Where to Stay
Locals love the Six Senses Spa tucked inside of the resort for its highly specialized holistic treatments, yoga, and mindfulness classes, and spacious gym. The food at Al Liwan buffet is a flavorsome mix of grilled seafood, Arabic mezze, and Qatari sweet—and is actually a local favorite for weekend brunch. Those looking for a bit of fun can stop by the Cigar Lounge, which hosts a lively karaoke night on the weekends. Big spenders can live like princes and princesses by splashing out for the $7000 a night, 21,000 square-foot Royal Villa, with it’s own indoor pool and blue mosaic Jacuzzi baths veined with 18-karat gold.
Where to Eat
Al Mourjan is a cute Lebanese restaurant under the shadow of Orry the Oryx, a giant statue of the 2006 Asian Games mascot on the Corniche, the city’s waterfront promenade (the Arabian oryx is the national animal). Snack on delicious hummus, succulent barbecued meats, and grape leaves while looking out over the bay.
Ask any Qatari what Qatari food is, and they’ll say there isn’t much of a cuisine, but that it’s a mix of influences from the region—Persian, Lebanese, and Ard Canaan specialty, Palestinian, are all well represented. So eating Mansaf (lamb and yogurt over rice), Chicken Musakhan with Taboon bread, and bulgur soup done the Palestinian way is a good start to finding local flavor. Start the meal with a lemon and mint juice, and end it with a selection of honeyed pistachio delights.
La Spiga by Paper Moon
Situated in the W Hotel (drinking is legal in hotels, which means you can sidle up and grab a cocktail in front of a pizza oven that looks like a disco ball), La Spiga is Doha’s spot for a hearty Italian meal. There’s outdoor seating, and tasty dishes like seared local hamour fish with braised lentils, and a giant tiramisu for dessert.
Where to Shop
There are few rollercoasters in Doha, but dune bashing is the next best thing. Drive out towards the Inland Sea about 40 miles away from Doha, keep going past the camel rides, and you’ll find yourself on the soft silver rolling sands of the Qatari desert. Expert dune bashers like those at Sand Dunes drive Toyota Land Cruisers, deflating the tires enough to allow them to carve around the dunes like a figure skater. Follow the right path, and you might end up out at the Inland Sea in a spot where the Emir’s family is known to camp out, looking out over the warm crystalline waters into Saudi Arabia.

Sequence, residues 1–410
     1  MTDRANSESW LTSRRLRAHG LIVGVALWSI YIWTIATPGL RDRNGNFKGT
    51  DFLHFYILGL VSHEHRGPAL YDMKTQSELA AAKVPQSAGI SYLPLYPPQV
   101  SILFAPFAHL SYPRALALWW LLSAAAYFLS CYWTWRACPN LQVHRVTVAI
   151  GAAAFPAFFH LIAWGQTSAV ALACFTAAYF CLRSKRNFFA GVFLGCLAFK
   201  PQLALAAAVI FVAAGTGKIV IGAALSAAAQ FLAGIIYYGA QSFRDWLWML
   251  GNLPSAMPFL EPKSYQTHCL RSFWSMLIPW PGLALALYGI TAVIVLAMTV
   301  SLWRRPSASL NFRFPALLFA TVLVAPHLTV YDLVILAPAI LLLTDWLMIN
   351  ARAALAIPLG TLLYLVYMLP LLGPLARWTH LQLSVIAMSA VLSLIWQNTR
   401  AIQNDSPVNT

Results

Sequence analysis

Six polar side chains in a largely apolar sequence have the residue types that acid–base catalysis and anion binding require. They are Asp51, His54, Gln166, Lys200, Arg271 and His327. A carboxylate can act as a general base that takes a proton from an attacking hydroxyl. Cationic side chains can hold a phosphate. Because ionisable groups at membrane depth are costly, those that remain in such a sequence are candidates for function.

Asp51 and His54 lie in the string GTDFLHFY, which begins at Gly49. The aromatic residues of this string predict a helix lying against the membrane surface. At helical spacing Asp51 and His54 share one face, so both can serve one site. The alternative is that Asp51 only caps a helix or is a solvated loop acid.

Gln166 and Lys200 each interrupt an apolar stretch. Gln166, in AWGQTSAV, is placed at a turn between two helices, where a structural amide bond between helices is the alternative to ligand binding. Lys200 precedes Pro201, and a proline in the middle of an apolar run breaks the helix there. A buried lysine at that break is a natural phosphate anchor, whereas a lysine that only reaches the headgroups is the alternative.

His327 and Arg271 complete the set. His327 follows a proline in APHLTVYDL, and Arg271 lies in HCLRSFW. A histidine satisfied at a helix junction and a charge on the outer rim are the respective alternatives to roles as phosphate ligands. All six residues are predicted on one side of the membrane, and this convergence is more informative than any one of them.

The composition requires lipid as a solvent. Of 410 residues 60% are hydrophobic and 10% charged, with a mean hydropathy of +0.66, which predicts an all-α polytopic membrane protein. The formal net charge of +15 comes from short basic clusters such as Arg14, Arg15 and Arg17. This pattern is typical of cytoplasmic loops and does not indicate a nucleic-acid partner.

Fire Station is a nine-month artist residency program held in the former fire station, hosting artists, curators, and writers from around the world. This year, the program asked the artists to respond to the blockade, and the resultant work—paintings of the Emir, messages in various languages—appear on the façade of the art center. There’s also a gallery inside that presents temporary international contemporary art exhibitions year round.
Qatar is a dry country, except for in hotels. Thursday (weekends in Qatar are Friday and Saturday) is the best night to head out to one of the few genuine nightclubs in Doha: IllusiOn. Housed in the Marsa Malaz Kempinski Hotel on a manmade island called The Pearl in the north of the city, IllusiOn is a restaurant and lounge concept that’s meant to have a private Soho House-type vibe to it. Get past the large bouncer at the door (don’t forget to bring your passport for ID), and you’re in. They get traveling DJs from around the world, and it’s one of the few places you might catch Qataris and ex-pats on the dancefloor together.
The Museum of Islamic Art
The story of one of the most spectacular structures on the Courniche is almost as spectacular as the building, with the Qatar Museums Authority, chaired by Sheika Al-Mayassa bint Hamad bin Khalifa Al-Thani (the Emir’s sister), coaxed architect I.M. Pei out of retirement to design the building. Then 91 years old, the late legend embarked on a journey around the Muslim world for six months, and the result is a limestone and marble wonder, topped by a set of arched oculi that resemble eyes peering out over the city. Inside, the building is serene and spacious, with collections of artifacts from Islamic history—tablets, rugs, ceramics, manuscripts, and metalwork—dating back 1400 years tucked into mood-lit galleries.
A short drive north in the city past the embassies (most of them empty from the blockade) and royal villas, The Katara Cultural Village isn’t quite finished—it soft-opened in 2010, but the ambitious mini-city still has a ways to go before its estimated completion next year. Filled with artist studios, art galleries, an auction house, a massive Greek-inspired amphitheater, an opera house, a theatre, a falconry museum, four giant pigeon huts, and even an Arab Postal Stamp Museum, Katara is aiming to be the multi-purpose hub of Qatari art.